Maryland gymnastics’ junior Sanya Glauber gracefully sailed her way through her uneven bars routine, twisting her body and executing handstands with sleakness. Even with the small step to the side to keep her balance on the dismount, Glauber’s routine was good enough to lead the Terps’ bars lineup; she registered a 9.80.

But her solid score did not receive the normal reaction it would from her team. As Glauber stepped off the mat, she gave coach Brett Nelligan an obligatory high-five as she looked down at the floor.

And as she jogged over to the sideline, Glauber’s Maryland teammates gave her some more high-fives, but they did not envelope her in nearly the same frenzy of hugs and congratulations she received after her career-best 9.95 during Maryland’s Big Five meet on Feb. 26.

“Mistakes happen to everyone, and I think it’s easy to get down on yourself,” Glauber said. “Of course you don’t want to be happy about a routine that you’re not proud of, but at the same time, picking it back up after something like that happens is extremely important.”

Glauber’s performance was the lone bright spot during the Terps’ rotation on the uneven bars. Nelligan’s squad registered just a 48.475 on the apparatus, emblematic of a frustrating night for Maryland’s gymnasts. The Terps finished in last place, scoring a 195.075 en route to elimination from the NCAA tournament Friday evening.

Even with No. 15 Auburn needing to withdraw from the tournament due to positive COVID-19 tests and contact tracing protocols, Maryland knew coming in the top two to advance to the Tuscaloosa Regional final would be a tall task. It would need to put on a show and hope that one of its strong opponents — No. 1 Oklahoma or No. 23 Missouri — would make some uncharacteristic mistakes.

[Season-best beam showing propels Maryland gymnastics past Eastern Michigan, 195.525-195.475]

The Terps had a solid start to the meet on vault. Despite an unremarkable start with matching 9.75s from sophomore Reese McClure and freshman Samantha Gilbert, as well as a season-low 9.60 from senior Collea Burgess, junior Alexsis Rubio earned her third straight 9.90 to help the Terps.

And senior Audrey Barber anchored with a 9.85, executing a difficult Yurchenko one and a half, one of the more difficult skills to perform on the apparatus. The Terps earned a 48.95, and while it put them in last place early on, they were still within reach.

But their night quickly went downhill with a pair of lackluster rotations on bars and the balance beam. Maryland’s early-season struggles on the apparatus haunted it again on Friday evening. Glauber’s performance was the sole highlight, and the next highest scores were only a pair of matching 9.70s from Barber and freshman Olivia Weir.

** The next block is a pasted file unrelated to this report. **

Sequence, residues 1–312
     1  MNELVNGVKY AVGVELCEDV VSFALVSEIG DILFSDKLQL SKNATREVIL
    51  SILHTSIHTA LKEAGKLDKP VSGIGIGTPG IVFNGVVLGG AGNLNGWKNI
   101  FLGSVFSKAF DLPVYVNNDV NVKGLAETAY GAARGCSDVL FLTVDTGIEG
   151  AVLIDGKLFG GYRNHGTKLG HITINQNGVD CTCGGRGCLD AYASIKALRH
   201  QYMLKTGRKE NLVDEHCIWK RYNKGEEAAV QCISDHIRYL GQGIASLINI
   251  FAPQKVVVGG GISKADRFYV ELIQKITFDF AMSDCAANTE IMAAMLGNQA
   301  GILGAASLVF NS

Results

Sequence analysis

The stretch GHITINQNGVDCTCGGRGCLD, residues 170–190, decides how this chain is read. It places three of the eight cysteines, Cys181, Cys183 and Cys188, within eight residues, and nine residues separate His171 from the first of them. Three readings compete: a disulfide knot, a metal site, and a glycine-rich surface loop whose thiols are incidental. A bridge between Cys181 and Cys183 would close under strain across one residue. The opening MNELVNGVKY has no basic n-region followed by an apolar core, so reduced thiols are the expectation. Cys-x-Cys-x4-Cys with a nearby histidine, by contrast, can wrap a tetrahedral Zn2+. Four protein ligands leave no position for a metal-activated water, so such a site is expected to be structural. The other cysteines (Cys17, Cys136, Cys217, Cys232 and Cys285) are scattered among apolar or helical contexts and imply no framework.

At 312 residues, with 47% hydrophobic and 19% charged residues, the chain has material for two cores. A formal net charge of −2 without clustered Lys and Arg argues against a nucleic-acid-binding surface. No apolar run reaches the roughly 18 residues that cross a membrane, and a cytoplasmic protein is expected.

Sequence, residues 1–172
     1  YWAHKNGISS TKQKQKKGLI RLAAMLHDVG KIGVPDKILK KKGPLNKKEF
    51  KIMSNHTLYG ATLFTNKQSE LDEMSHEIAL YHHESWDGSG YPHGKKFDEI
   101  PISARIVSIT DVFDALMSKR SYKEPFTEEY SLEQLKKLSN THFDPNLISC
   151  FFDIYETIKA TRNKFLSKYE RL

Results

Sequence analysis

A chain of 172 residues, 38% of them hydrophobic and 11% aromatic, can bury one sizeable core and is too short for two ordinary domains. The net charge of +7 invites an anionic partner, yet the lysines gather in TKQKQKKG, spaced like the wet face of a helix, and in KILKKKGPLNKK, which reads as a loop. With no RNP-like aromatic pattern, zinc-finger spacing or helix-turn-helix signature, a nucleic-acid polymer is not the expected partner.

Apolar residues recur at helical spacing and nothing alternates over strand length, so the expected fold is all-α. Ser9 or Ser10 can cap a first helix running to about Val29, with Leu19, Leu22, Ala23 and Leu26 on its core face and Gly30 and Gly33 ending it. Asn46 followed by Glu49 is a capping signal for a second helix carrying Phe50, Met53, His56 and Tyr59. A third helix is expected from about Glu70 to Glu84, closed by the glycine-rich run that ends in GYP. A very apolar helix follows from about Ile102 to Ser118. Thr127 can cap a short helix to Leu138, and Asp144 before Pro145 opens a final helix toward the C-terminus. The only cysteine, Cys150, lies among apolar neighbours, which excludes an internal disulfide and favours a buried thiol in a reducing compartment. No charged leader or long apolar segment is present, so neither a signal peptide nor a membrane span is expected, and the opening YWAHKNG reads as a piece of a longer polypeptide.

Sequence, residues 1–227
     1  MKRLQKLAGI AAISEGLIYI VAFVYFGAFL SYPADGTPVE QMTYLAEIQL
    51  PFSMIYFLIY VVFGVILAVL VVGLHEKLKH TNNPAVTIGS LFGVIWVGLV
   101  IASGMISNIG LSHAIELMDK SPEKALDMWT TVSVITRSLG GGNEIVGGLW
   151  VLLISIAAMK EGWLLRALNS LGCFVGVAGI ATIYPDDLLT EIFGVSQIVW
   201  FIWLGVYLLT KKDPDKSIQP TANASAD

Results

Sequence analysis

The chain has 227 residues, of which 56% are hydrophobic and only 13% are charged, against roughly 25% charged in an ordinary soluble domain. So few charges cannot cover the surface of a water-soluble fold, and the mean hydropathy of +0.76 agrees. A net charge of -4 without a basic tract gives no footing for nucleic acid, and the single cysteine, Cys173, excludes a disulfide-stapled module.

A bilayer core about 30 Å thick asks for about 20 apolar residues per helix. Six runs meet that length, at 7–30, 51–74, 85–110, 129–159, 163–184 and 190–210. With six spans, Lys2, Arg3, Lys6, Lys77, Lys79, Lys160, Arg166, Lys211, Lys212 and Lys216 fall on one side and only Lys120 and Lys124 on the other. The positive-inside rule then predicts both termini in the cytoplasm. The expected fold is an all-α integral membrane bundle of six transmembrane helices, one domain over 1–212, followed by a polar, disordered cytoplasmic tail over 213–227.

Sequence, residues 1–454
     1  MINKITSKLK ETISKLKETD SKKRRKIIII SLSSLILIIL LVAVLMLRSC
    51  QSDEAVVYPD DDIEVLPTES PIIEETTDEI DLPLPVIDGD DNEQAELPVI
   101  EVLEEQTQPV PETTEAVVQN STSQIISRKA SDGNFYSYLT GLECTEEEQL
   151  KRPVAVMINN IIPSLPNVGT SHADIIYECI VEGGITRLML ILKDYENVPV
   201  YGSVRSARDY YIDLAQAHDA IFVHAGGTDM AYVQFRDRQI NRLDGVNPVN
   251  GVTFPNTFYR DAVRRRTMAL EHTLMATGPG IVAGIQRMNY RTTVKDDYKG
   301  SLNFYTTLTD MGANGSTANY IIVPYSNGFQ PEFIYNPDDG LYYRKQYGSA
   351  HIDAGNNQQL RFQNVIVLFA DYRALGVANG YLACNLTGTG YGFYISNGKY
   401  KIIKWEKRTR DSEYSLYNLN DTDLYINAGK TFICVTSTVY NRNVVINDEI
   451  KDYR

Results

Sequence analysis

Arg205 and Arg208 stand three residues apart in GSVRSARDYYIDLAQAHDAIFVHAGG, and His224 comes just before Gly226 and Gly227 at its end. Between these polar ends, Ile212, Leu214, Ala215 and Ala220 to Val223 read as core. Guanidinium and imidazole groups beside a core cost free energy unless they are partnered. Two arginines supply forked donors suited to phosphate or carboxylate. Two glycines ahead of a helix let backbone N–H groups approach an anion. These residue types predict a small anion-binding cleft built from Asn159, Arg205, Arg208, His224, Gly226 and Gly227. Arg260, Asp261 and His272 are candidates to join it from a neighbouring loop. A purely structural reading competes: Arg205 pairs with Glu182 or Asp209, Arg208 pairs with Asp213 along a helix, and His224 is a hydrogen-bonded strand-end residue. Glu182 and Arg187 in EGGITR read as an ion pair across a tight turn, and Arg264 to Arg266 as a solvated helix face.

“We were a little tight on bars, for whatever reason… I thought we were a little cautious,” Nelligan said. “They were just a little tense, a little tight, and I think it reflected in the scores.”

Nelligan’s squad’s effort to turn things around on the balance beam fell short. Despite a solid leadoff routine from Burgess that earned her a 9.725 and a career-high 9.80 from sophomore Sophia LeBlanc, a pair of falls and missteps later on hurt the Terps’ score as they notched a 48.525, their third sub-49 point performance of the meet.

But the Terps still wanted to show off their skills during the floor exercise, even if the meet was already out of reach. And for the first time all night, they found a rhythm, smoothly stringing impressive routine after impressive routine together.

[With Eastern Michigan looming, Maryland gymnastics looks for steadiness, not perfection]

“[Nelligan] basically just told us that this is our last shot, [to] give it all we’ve got and that’s all we can do,” Glauber said. “That’s kind of what he drove into us, especially last event, competing two days in a row, last meet of the season, just realizing that you can only have this meet now and you’re not going to relive it again.”

McClure led off the Maryland floor lineup with an inspired routine. With “This Is How We Do It” blaring in the Coleman Coliseum, she danced, flipped and tumbled her way to a 9.825, the best leadoff performance for the Terps on Friday.

Rubio followed up with a season-best 9.75 on floor, an event she does not normally compete in. And the Terps continued to show off their spirit. Burgess, Barber and fellow senior Sabriyya Rouse all found success, each recording over a 9.80. In the end, Maryland tallied a 49.125 on the apparatus, by far its best rotation of the night.

“Just before my routine, I was just thinking to take everything in from this entire year and put it all into this one floor routine, my last floor routine, and really just give it my all,” Burgess said.

Though they failed to advance to the final of the Tuscaloosa Regional, the Terps’ final rotation of the season was indicative of the adversities they had to overcome to make it to this stage.

From major injuries and COVID-19 contact tracing to getting past a harsh stretch of road meets, Maryland racked up a litany of accomplishments this season. It just wasn’t able to display that routinely enough on Friday night, leading to a bittersweet ending to its season.

“We’re disappointed that we didn’t advance and that we didn’t really have the night that we know we’re capable of,” Nelligan said. “But to finish it that way, I think that helps us put some closure to this year and gets us excited for the future.”